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Culture in France

Malian designer Xuly Bët encourages new talent in Paris

Audio 07:06
(Photo: Le Quartier Général)

Malian fashion designer, Xuly Bët, has opened his boutique to up and coming talent. For a couple of months, their work is displayed among his sophisticated and buoyantly funky outfits. The latest on show come from Le Quartier Général. Their sketches reflect their work on African identity in the hip hop culture.


Xuly Bët's La Boutique of is like Ali Baba’s cave - full of treasure and promise. The latest works on display are 20 sketches presented by the young, identical twin sisters, Elodie and Delphine of Le Quartier Général.

The sketches are only drawn with felt-tip pens and some of the larger pieces (2 metres x 1 metres 80 centimetres) took the two artists as much as a month to complete. The series is called Bouboys, a contraction between the African boubou and the “b-boys” or breakers - dancers within hip-hop culture.

With Bouboys, Elodie and Delphine are exploring elements of African identity to be found in hip hop culture in the United States and through its founding fathers like Afrika Bambaataa and his Universal Zulu Nation.

The sketches show young black male characters wearing the usual hip hop gear but with a printed design usually found in the traditional wax textile, bazin or fancy, used for making boubous.

“We want to make visible the two origins of the black youth in America,” says Elodie.

(Photo: Le Quartier Général)

The Bouboys series emerged slowly after much travelling, skateboarding sessions, hip hop love and tons of photographs. The twin sisters then saw a link between the African diaspora, hip hop and an African penchant for flamboyance.

“It was an inspiration to work and mix Western and African cultures because in our heart, we carry these two cultures,” adds Delphine.

That's a passion they share with Xuly Bët.

The Malian fashion designer may have a well established career, but he feels the need to reinvent himself and his craft constantly. Interaction with other artists is one way of doing so.

(Photo: Le Quartier Général)

The bright young things that he’s helping also contribute to fuel his own creative vitality. That’s one of the reasons why he felt the need to open his boutique to budding talents.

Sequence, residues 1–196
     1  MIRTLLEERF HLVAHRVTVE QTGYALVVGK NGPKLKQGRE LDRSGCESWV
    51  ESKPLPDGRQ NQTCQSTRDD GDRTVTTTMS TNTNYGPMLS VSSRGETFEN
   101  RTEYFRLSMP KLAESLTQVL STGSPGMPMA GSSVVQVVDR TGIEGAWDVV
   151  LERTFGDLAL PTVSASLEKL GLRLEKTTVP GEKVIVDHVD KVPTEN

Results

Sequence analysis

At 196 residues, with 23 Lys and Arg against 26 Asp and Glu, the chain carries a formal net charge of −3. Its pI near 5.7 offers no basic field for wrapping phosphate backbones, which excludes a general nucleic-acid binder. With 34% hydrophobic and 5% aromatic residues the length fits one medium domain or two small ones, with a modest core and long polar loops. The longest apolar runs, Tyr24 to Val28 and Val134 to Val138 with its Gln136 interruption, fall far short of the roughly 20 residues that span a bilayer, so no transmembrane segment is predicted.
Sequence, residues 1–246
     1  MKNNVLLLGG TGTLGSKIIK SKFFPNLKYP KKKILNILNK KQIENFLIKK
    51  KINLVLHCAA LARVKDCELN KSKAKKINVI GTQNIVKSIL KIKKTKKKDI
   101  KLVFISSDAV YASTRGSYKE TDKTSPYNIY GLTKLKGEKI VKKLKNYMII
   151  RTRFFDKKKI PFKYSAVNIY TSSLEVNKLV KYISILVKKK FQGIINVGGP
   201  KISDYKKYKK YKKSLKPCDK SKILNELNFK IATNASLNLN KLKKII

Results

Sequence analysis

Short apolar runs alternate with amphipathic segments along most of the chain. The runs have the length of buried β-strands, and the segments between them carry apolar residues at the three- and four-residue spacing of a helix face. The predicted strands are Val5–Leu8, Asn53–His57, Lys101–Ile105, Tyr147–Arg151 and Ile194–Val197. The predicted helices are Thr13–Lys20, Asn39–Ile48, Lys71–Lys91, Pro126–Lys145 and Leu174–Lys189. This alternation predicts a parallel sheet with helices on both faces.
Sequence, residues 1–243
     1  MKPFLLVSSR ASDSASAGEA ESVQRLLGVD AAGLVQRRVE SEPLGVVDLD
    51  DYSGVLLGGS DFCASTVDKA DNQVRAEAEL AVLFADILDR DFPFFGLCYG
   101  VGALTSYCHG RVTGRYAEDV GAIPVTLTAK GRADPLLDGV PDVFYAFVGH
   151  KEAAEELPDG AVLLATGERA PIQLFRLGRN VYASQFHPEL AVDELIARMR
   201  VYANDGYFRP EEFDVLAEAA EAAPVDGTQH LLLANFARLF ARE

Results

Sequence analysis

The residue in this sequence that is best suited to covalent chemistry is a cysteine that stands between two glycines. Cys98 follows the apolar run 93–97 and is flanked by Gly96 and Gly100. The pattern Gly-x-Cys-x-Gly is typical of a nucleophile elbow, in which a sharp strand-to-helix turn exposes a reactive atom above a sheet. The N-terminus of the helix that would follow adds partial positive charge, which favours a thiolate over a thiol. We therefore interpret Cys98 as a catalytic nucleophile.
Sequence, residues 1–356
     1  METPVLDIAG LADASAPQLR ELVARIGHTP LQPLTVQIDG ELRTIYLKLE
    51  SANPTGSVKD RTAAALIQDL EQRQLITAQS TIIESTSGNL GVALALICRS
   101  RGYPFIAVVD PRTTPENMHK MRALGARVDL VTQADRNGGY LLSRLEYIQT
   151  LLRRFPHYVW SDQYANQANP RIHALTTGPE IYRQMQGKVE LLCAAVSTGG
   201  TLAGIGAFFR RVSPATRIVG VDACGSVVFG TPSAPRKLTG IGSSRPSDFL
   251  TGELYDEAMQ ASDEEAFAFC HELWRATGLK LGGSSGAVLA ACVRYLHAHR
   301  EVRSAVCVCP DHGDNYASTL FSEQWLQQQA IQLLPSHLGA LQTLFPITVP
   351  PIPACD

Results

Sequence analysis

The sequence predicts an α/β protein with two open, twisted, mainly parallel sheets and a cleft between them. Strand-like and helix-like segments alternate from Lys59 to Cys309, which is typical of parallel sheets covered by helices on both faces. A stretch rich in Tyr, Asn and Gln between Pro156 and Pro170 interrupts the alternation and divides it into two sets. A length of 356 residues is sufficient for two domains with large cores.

“They [Elodie and Delphine] are doing something great. They are bringing something creative around the African identity. You know, it’s not just about me and my boutique and my clothes. It’s also about how we make something together,” says Xuly Bët.

He firmly believes that it’s only by opening up to other cultures that one grows. A feeling he regrets is not shared by fellow Africans.

“We have to open up to the world! It’s not just [a question of] being an African but an African in the world. I think that they are too focused on themselves. They confuse culture with tradition. Culture is not tradition. Culture is dynamic and is shaped by our contact with others.”

With his legacy in mind, Xuly Bët strives to bring his daily contribution to a modern Africa, proud to stand on its own two feet with no need for handouts.

(Photo: Le Quartier Général)

Le Quartier Général is currently in Peru working on a new project, a follow up to Bouboys. With an ethnologist friend of theirs, they’ll continue to explore the concept of African identity; in Lima, they are looking at the Afro-Peruvian population whom they say are marginalised.

They’ll present a new series, Los Corazonegros (a contraction between “heart” and “black”), in October this year.

Le Quartier Général's works are to be found, until the end of July, at Xuly Bët's second boutique, which opened early this year, at 95 boulevard Beaumarchais in eastern Paris.


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